Wednesday March 11, 2009

As Judy listened to conversation in Thai amongst the visiting Bible school students she could understand almost none, but she did understand one to say that he is of the Karen tribal group, and his home is a small village in the mountains of Mae Hong Son province, north and west of Chiang Mai, many hundreds of miles from Samut Songkhram where we are and where the students are visiting. She also understood him to say that in this little village is a family with ten children. This rang a bell with her in that she recalled that our dear friend and sister in Christ, Wa, in Chiang Mai hails from a small Karen village in the Mae Hong Son mountains and that she is the tenth child in a family of ten. So we gave him her number and asked him to phone her to see if they have any common background. Bingo! They are first cousins from the same village. Another page eligible for addition to the “it’s a small world� book.

Thursday March 12, 2009

Today we passed through the marvelous labyrinthine Maekhlong town fresh fish, meat, and produce market. The mkt serves the entire province with hundreds of vendors. We walk through it almost daily, sometimes many times a day. In passing we noticed two Indian men, one each in separate parts of the market, appearing to deal as customers with vendors. We have seen these men a few times before, and they always seem strangely out of place. One of them has appeared innocuous, but the other has the most evil gaze I’ve ever personally encountered, and reminds me of book descriptions of some of Satan’s minions with whom Amy Carmichael and similar brethren have dealt. We have wondered if they might be moneylenders, usurers, a plague rampant in India. Today we saw the hand-to-hand money exchanges and notes being scribbled in little notebooks that confirmed our suspicions. We openly watched, even stared, at one as he transacted business, so that he would be aware of being watched, to see what response that would evoke. Sure enough, when finished with the transaction he approached us, asking if how he could help us. Interpret that to mean that he wanted to know why we were spying on his business. We chatted a moment and then asked what work he did in this market, and he said he was a purveyor of electrical appliances, such as fans, to market vendors. Given all the circumstantial details with which I will not bore you, there is no chance he’s vending fans or any such thing. I then asked if he were lending money which he denied. Little question in our minds that he lied. Usury is probably illegal here. While we were talking with him a woman walked up, handed him a small bag of what Judy says was almost certainly jewelry, in return for money. Security for a loan. In India it’s common to borrow from usurers $100 today and have to repay $125 tomorrow, secured by your family jewels worth $1,000 and which constitute the entire wealth of the family, because personal credit on conventional basis for the poor is impossible to obtain. Lack of credit for the poor is also the case here. Heavenly Father, please send a godly Christian who will be awarded the Heavenly Prize to start a community based micro loan scheme ala that of Mohammed Yunus of Bangladesh who was awarded the Nobel Prize, and break the back of these grossly evil men who through their rapacity are enslaving their wretched “clients� to endless backbreaking interest.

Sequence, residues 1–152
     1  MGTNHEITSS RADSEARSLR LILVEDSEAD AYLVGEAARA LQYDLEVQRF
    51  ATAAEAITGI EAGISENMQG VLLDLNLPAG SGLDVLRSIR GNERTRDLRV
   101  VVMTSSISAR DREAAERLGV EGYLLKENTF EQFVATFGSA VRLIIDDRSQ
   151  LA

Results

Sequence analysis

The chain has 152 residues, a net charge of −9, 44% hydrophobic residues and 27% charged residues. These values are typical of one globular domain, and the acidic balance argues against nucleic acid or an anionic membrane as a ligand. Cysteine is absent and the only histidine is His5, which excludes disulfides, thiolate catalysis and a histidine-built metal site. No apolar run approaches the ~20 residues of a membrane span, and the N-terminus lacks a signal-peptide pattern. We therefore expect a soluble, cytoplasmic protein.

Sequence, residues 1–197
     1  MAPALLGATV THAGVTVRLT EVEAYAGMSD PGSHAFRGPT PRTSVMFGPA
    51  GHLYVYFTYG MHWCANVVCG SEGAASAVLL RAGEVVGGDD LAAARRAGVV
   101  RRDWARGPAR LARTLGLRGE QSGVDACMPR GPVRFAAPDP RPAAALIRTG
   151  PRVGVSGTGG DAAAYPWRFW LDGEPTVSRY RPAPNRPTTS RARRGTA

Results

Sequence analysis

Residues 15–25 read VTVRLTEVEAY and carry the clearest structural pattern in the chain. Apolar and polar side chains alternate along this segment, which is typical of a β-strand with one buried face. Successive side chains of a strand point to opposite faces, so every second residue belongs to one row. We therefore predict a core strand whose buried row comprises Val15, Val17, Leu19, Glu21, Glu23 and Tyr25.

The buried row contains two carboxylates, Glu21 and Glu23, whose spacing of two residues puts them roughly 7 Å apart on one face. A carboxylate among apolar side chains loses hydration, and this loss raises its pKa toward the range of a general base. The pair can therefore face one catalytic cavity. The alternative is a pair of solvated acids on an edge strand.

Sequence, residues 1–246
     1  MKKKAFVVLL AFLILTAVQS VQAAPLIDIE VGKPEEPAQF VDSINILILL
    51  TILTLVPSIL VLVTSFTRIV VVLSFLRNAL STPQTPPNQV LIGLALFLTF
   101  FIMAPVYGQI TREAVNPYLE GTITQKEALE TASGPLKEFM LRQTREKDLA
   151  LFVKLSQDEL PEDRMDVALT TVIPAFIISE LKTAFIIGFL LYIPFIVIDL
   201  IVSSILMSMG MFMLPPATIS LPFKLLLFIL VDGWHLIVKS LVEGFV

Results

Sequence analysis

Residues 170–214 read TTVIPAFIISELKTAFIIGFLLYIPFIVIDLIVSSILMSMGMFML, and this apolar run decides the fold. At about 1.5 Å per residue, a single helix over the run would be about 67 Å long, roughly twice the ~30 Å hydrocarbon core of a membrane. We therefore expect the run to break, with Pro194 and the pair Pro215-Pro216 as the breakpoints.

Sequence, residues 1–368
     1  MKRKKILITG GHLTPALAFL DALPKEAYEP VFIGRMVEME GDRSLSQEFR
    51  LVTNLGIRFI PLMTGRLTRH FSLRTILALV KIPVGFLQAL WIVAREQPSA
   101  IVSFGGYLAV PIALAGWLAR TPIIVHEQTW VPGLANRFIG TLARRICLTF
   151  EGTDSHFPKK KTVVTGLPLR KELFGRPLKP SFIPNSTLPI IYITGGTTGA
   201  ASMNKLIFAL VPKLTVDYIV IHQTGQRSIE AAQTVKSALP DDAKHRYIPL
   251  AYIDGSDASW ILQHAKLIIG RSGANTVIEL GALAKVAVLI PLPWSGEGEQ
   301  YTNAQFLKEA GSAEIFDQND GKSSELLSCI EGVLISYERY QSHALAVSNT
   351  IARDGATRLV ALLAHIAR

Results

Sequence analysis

Friday 13 Mar

Spreading nasty red hot inflamed band on my ankle looks like burst vessels caused by daily swelling due to heat, humidity, and walking. I take a diuretic to combat the swelling, but the burst vessels problem was probably also exacerbated by ill-advised leap from too great height when boarding a river vessel. Went to a recommended doctor (M.D.) today. He spoke the tiniest amount of English, so after a most difficult diagnosis discussion he sent me away with some ointment, no idea what it is, probably hydrocortisone. Total charge for both the doctor consultation and the medicine…Baht 40. $1.25. No misprint. $1.25. U.S. healthcare overhaul, anyone?

Saturday 14 Mar 2009

Chatted with Sae-ree, a market vendor with whom we’re relatively close. He confirmed our suspicions about the two Indians. They are usurers. Sae-ree himself has avoided their snare. They live in Bangkok and come here daily to lend and collect. Interest is 20% PER DAY! Borrow $1,000 today, and you pay $200 interest tomorrow and every day thereafter. That’s just the interest. You also owe the principal. So, for example, after five days, to escape their clutches, you’d have paid $2,000 to redeem your $1,000 loan. Poor unsophisticated undercapitalized Thais are eligible for small loans at the government savings bank @ 5% annual interest. But this institution is not rigorous about collecting loans, so borrowers easily avoid repaying borrowings, and just like in U.S. they often default, ruin their creditworthiness, and the usurers become their only recourse for critical daily capital needed to finance the inventory they sell at their market stalls in order to earn their daily bread. Vicious cycle.


More photos should have been uploaded on day this email sent, so check the site.

Chuck & Judy Hazen